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Today is the debut of a new Bloomberg Opinion podcast, Crash Course, produced in a partnership with iHeart Media Inc., about business, political and social disruption — and what we can learn from those collisions. This episode focuses on Elon Musk’s Twitter takeover. It’s a mega-collision that raises all sorts of disruptive questions and tutorials — about unfettered financial power, pell-mell deal-making, free speech, the future of social media and misinformation and disinformation. Dive into all of this with your host, Tim O’Brien, and his guest today, Bloomberg News technology reporter Kurt Wagner. Kurt is whip-smart, and understands the forces at play in tech and social media. And he’s working on a new book about Twitter. So have a listen:
Here are a few highlights from their conversation.On Musk’s expectations surrounding his initial bid:
Kurt Wagner: Obviously it became real over the summer when he realized, that, “Hey, I actually need to go through with this thing.” I’m not sure how many people know whether it was a joke because all the bankers and everyone else showed up and did the real work. Right? But maybe in his mind, he never thought they’d say yes.
Tim O’Brien: The bankers showed up and lent him $13 billion.
Wagner: They did.
O’Brien: Maybe the joke’s now on the bankers.
How Musk’s background is reshaping Twitter:
O’Brien: Nobody embodies disruption in the modern era and in the business landscape more than Elon Musk. He got the automotive industry to pay attention to the importance and the market value and the need for EVs. He put the US back in commercial space applications with SpaceX. [Those were] two businesses that had been daunting to other people. But maybe the ability to run a rocket company and an EV company don’t prepare you to be a good manager of a social media company.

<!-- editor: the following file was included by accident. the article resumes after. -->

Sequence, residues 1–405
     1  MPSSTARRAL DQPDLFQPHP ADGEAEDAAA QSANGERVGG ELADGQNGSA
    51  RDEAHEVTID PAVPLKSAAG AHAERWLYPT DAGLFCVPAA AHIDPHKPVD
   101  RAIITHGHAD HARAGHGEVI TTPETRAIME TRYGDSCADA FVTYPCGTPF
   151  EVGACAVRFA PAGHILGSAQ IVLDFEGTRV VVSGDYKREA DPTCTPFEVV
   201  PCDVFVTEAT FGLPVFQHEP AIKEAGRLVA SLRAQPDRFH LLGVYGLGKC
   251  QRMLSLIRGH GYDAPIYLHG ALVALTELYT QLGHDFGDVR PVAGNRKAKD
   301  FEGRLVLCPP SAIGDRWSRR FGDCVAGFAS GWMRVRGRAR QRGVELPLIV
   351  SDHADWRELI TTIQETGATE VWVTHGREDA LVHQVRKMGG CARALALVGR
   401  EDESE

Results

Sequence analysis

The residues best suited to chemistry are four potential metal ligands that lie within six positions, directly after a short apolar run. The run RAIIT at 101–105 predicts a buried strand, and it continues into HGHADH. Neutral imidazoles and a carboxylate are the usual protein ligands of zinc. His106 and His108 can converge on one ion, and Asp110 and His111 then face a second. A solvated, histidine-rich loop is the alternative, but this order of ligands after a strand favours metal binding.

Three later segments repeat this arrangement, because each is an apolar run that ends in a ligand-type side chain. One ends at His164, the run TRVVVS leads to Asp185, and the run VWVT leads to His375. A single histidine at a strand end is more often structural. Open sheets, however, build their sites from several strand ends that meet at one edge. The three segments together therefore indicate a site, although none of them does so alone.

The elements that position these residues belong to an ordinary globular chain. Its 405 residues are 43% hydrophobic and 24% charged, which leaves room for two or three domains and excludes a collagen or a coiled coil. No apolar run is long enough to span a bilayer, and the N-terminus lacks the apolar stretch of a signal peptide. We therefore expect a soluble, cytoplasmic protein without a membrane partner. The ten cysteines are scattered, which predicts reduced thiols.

Wagner: I think Elon’s background and his successes have [involved] engineering problems for the most part. And he’s approaching Twitter in very much the same way. Is that really what Twitter needs? Do they need an engineer or do they need someone who is more attuned to the social elements of what this product does and where it fits into society?
What ‘s instructive here?
O’Brien: What lessons have you learned from Elon Musk’s collision with the Twitterverse?
Wagner: Rarely, I guess, did I ever come face-to-face with someone just simply using their sheer wealth to kind of do whatever they want — regardless of rules. And I feel like that’s what we’ve seen from Elon in this situation time and time again. And so it’s just kind of, opened my eyes a little bit more to that reality in the business world.
O’Brien: And that rules are sometimes for other people if you’re in a position to ignore them yourself.
Wagner: If you have money. Yeah, if you have the money.
This column does not necessarily reflect the opinion of the editorial board or Bloomberg LP and its owners.
Timothy L. O’Brien is senior executive editor of Bloomberg Opinion. A former editor and reporter for the New York Times, he is author of “TrumpNation: The Art of Being the Donald.”
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Analysis | Introducing Crash Course: Elon Musk vs. the Twitterverse – The Washington Post